Friday, 29 July, 2016

This blog was written for HMDT by Professor Kay Schiller, a historian of modern European culture and sport at Durham University. He has written extensively on German-Jewish history and the history of the Olympics and the FIFA World Cup. 

The Rio Games which are about to begin are a welcome occasion for media and historians to remind the public of the 1936 Summer Olympics in Berlin 80 years ago.

February 2016 saw the release of the Hollywood biopic Race on Jesse Owens’ trials and tribulations about whether to boycott the Games and his triumph in Nazi Berlin which was immediately followed by his victimization by the American establishment on account of the colour of his skin. German television station ARD in turn recently broadcast the parallel-lives documentary The Dream of Olympia (Der Traum von Olympia). It tells the tragic history of these Olympics through the eyes of Wolfgang Fürstner, a nationalist German army officer who was in charge of the Berlin Olympic Village before being dismissed on the eve of the Games because of his part-Jewish descent which drove him to take his own life, and Gretel Bergmann, the Jewish-German record-breaking high jumper who might have taken the Olympic gold medal, had the Nazi regime not excluded her from the German Olympic team at the last minute. Bergmann survived the Holocaust by emigrating to the United States in 1937, where she still lives, now 104 years old.

That such stories are re-emerging now and that they meet with a captive audience is one of the redeeming features of the history of these Games. For large stretches of time, in Germany at least, they had been wilfully forgotten. To many Germans of the post-war era, if the 1936 Games meant anything at all, they were one of the achievements of the Nazi regime – a triumph in fact, the first large-scale, no-expenses-spared and genuinely ‘modern’ games of Olympic history. For much of the rest of the world, they were ‘the greatest propaganda stunt in history’ (New York Times), pulling the wool over people’s eye about the Nazi regime’s true intentions. The dictatorship began its preparations for a genocidal war during the same year. From a historian’s perspective they were both, as politics and sport mutually benefitted from each other. The ‘Nazi Olympics’ legitimized a criminal regime, but at the same time the Olympic movement got a massive boost through those Games. Without them our enduring love affair with the Olympics until today may not have lasted.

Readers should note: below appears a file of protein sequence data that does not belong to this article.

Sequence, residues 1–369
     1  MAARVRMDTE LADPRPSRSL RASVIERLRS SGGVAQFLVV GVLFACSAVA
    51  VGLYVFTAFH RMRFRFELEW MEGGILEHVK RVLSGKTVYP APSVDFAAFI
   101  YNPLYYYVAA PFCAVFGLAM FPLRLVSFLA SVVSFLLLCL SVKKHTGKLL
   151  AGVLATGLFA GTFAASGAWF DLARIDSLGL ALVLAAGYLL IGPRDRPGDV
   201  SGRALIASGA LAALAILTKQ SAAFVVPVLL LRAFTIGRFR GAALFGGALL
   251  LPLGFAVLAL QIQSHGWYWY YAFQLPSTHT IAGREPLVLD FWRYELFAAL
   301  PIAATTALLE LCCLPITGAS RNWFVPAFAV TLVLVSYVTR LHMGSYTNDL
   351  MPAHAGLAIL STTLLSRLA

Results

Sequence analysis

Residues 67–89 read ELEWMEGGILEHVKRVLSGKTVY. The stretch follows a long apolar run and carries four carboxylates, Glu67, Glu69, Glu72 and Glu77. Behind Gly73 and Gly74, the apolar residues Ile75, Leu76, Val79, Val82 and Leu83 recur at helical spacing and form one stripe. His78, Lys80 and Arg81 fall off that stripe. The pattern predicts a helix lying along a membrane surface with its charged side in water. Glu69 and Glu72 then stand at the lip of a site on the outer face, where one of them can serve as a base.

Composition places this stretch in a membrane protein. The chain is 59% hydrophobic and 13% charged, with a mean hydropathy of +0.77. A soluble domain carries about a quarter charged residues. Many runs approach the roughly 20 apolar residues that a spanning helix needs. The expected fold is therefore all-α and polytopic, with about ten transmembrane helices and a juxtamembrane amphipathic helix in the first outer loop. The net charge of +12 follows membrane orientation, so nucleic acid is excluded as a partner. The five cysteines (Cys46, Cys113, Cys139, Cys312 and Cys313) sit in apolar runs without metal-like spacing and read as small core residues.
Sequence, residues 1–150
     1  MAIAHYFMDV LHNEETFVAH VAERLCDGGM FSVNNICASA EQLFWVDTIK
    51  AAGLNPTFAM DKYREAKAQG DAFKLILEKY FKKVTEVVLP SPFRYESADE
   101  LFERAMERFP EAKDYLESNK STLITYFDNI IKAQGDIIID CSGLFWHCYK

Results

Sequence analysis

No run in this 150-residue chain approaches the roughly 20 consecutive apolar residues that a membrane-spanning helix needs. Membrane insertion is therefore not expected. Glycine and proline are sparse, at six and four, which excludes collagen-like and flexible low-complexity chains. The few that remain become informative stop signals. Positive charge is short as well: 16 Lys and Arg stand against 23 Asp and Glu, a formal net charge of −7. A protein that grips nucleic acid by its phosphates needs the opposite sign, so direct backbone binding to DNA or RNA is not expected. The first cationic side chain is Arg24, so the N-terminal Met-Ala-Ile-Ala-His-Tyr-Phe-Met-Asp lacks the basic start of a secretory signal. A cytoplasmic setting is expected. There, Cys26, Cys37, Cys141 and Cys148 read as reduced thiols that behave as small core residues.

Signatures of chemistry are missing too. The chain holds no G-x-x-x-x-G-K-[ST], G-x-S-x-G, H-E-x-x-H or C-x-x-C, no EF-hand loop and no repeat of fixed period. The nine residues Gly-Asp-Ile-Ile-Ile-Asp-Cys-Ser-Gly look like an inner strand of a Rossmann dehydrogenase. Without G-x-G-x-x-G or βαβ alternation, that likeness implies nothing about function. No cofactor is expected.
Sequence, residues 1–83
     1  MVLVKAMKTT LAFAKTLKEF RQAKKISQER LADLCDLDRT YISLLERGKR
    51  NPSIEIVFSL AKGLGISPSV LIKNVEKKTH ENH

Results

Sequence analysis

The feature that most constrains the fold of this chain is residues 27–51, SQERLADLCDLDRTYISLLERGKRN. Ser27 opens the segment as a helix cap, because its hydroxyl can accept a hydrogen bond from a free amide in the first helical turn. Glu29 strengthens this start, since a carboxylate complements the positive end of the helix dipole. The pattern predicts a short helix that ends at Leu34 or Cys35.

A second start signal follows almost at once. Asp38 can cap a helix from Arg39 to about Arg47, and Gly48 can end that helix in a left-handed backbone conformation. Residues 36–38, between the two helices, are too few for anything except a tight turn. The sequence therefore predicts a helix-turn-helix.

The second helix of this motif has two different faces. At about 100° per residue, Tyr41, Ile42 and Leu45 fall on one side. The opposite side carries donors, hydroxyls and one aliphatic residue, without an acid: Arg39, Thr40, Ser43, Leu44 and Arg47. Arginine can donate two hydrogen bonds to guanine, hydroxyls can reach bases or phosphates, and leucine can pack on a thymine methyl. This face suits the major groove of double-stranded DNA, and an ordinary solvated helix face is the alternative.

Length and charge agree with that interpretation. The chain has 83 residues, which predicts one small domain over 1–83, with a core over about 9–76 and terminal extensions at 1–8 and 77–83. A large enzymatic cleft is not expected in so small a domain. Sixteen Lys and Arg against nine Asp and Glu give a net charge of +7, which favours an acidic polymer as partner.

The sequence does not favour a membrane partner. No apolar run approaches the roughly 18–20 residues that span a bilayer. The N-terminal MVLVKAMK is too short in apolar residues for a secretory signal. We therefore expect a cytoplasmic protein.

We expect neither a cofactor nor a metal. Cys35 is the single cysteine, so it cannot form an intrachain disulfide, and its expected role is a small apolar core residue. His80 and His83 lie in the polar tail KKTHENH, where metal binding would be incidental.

That stories such as that of Fürstner and Bergmann are being told in Germany is largely the merit of the work of local citizens’ initiatives. From the 1980s and 1990s onwards the Berlin Olympic Stadium and its surrounding grounds, which had been used for sport events almost uninterruptedly after 1936, became the focus of ‘memory work’ and demands for a critical engagement with the Nazi history of the site. Reflective of a changing attitude towards the past were street renamings with a Jesse-Owens-Allee in 1984 and, in 1997, a Flatowallee, named after Alfred Flatow and his cousin Gustav Felix Flatow, two Jewish-German gymnasts and 1896 Olympic medal winners murdered in Theresienstadt. Gretel Bergmann also received a street named in her honour in 2015 near the Olympic Stadium.

The breakthrough for such initiatives came on occasion of the 2006 FIFA World Cup in Germany. After Berlin had unsuccessfully applied for the 2000 Olympics, the future of the stadium, then in a state of bad repair, became the subject of intense public discussions. Eventually the decision was made to comprehensively refurbish it, preserving its historical character while at the same time turning it into a multifunctional arena fit to host a World Cup Final. Lest the past not be forgotten, a museum space with a permanent historical exhibition on the 1936 Games was created and 45 plates with critical historical commentaries were erected on the grounds. As a result the former Olympic site was turned into a successful combination of sports and leisure space, museum and site of memory.

That it is acknowledged in this way by many was obvious to me when I toured the area on a Saturday in August 2015. I saw tourists interested in the history of the site attending one of the regular tours of the Olympic Stadium, walk along the historical trail reading the plates and visiting the permanent exhibition. The continued importance of sports and leisure on the former Olympic site is not only demonstrated by the stadium itself as the home ground of the local Bundesliga club, Hertha BSC. On the same day I observed Turkish kids kicking a ball around on a meadow by the Olympic pool, swimmers and sun bathers enjoying the good weather, a hobby football tournament on one of the area’s pitches, Hertha BSC U19s playing their peers of Hannover 96 on another and members of the Indian and Pakistani community using yet another for a cricket tournament.

The successful synthesis of sports and leisure site, museum and memory site was perhaps expressed most movingly with the holding of the 14th European Maccabi Games, Europe’s biggest Jewish sports event, in Berlin in July and August 2015 on the former Olympic site, from which Jews had been excluded in 1936.

The HMDT blog highlights topics relevant to our work in Holocaust and genocide education and commemoration. We hear from a variety of guest contributors who provide a range of personal perspectives on issues relevant to them, including those who have experienced state-sponsored persecution and genocide. The views expressed are those of the author and do not necessarily represent the views of HMDT.